South Floridians don’t get to experience fall too often, so when volunteers unloaded the first of four tractor trailers full of pumpkins at the New Horizon United Methodist Church pumpkin patch on September 30, they knew that fall had begun. The day also signified the beginning of pumpkin sales at the Southwest Ranches patch, continuing everyday from nine in the morning until dark.
As soon as the truck pulled up, some of the more seasoned volunteers climbed inside to pass the pumpkins down to awaiting participants. Before long, four assembly lines had formed and were working to place the pumpkins all throughout the patch.
Motivated by the promise of service hours, students came from around Broward County to help, many of whom were there with their school’s chapter of the service organization Key Club. In addition to the students, volunteers of all ages participated in the set-up process to help the community and have some fun.
“I just like volunteering, and I went last year,” Flanagan High School junior Johnny Brinson said. “It was a lot of fun and all of my friends come [too].”
A Halloween staple in Broward County, the patch has been a place of autumn community gathering for over 25 years. Having gone together every year, many families nostalgically look back on how much they have changed from their first years among the pumpkins.
“I’ve watched my kids grow up in this patch,” New Horizon pastor Peyton Tobin said. “We have family pictures from when my son who is now a junior was nine or 10 months old.”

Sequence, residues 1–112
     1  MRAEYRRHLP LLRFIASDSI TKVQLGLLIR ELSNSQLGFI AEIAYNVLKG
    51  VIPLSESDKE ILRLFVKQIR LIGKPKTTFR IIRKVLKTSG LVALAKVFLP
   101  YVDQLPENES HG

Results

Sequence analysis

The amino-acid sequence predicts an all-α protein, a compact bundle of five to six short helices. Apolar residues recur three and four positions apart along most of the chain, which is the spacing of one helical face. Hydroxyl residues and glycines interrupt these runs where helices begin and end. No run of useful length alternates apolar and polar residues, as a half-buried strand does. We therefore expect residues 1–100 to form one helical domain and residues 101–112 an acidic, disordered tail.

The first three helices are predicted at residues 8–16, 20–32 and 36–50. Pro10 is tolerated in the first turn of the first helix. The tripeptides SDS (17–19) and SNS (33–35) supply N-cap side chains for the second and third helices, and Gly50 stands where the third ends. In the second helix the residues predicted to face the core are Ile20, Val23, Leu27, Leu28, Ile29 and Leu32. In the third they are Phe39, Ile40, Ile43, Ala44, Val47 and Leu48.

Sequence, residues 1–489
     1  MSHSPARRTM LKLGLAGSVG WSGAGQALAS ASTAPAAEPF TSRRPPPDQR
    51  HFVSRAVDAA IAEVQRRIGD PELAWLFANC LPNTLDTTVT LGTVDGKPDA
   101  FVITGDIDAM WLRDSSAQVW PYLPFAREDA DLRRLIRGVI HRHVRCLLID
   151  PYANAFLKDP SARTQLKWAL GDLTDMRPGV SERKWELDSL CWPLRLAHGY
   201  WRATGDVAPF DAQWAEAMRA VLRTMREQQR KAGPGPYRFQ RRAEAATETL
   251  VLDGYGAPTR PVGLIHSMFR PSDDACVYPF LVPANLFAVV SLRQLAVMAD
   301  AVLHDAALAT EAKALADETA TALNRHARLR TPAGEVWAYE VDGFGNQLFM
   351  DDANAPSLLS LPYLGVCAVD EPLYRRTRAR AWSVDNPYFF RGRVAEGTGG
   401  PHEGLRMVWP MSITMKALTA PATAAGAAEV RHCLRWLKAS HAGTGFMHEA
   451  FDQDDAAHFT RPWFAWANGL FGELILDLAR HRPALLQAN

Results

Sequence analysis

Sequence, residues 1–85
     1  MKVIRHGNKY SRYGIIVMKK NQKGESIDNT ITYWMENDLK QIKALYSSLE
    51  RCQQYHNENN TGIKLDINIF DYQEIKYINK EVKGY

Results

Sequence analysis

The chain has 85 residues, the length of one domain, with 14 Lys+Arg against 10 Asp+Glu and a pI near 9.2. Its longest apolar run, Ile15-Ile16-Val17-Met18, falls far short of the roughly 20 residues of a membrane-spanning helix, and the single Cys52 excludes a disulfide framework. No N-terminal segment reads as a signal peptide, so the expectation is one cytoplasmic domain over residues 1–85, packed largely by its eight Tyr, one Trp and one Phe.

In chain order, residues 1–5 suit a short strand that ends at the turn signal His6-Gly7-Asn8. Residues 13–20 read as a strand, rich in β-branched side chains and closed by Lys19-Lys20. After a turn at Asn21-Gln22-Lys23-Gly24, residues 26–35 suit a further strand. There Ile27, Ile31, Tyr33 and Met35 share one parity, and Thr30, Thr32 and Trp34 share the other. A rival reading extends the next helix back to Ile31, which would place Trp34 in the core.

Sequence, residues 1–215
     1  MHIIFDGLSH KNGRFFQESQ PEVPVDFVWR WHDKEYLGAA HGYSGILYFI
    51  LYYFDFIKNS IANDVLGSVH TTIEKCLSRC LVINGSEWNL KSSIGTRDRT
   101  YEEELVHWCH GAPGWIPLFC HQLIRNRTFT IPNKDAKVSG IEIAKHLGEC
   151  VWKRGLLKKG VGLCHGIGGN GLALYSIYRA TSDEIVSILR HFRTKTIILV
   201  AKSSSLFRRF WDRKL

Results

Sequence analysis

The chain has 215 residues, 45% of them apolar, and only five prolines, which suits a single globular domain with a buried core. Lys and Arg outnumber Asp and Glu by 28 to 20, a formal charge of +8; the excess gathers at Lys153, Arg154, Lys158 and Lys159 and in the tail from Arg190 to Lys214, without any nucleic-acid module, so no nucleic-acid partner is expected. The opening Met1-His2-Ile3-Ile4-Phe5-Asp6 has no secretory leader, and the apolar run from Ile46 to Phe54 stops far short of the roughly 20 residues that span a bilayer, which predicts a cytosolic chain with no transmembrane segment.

As with many seasonal hotspots, the pumpkin patch holds a special place in people’s hearts. So many people stop by each year to spend quality time with their family and friends, taking seasonal pictures and choosing pumpkins to carve for Halloween.
“I’ve seen people propose to their significant other in the pumpkin patch, [and] I’ve seen kids of all ages dressed up in their halloween costumes excited about coming to pick out their pumpkin each year like a family tradition,” volunteer for the youth group Kerry Newness said. “People come and reunite in the pumpkin patch, people who haven’t seen each other in quite some time bump into each other in the pumpkin patch, and it’s a great place for gathering.”
The money collected through the pumpkin patch is used by the church and put towards bettering the community. New Horizon assists a number of associations including Florida United Methodist Children’s Home and Hallandale Food Pantry.
Though the first pumpkins of the season have been unloaded, there are more on the way and the church is looking for more help once they arrive. On October 7, 14 and 21 New Horizon will begin unloading pumpkins to replace those being sold and are offering service hours to students who participate. October 21 will feature a “Fall Festival” with a craft fair, bake sale, and kids pumpkin party.
Photo courtesy of Liz West, CC license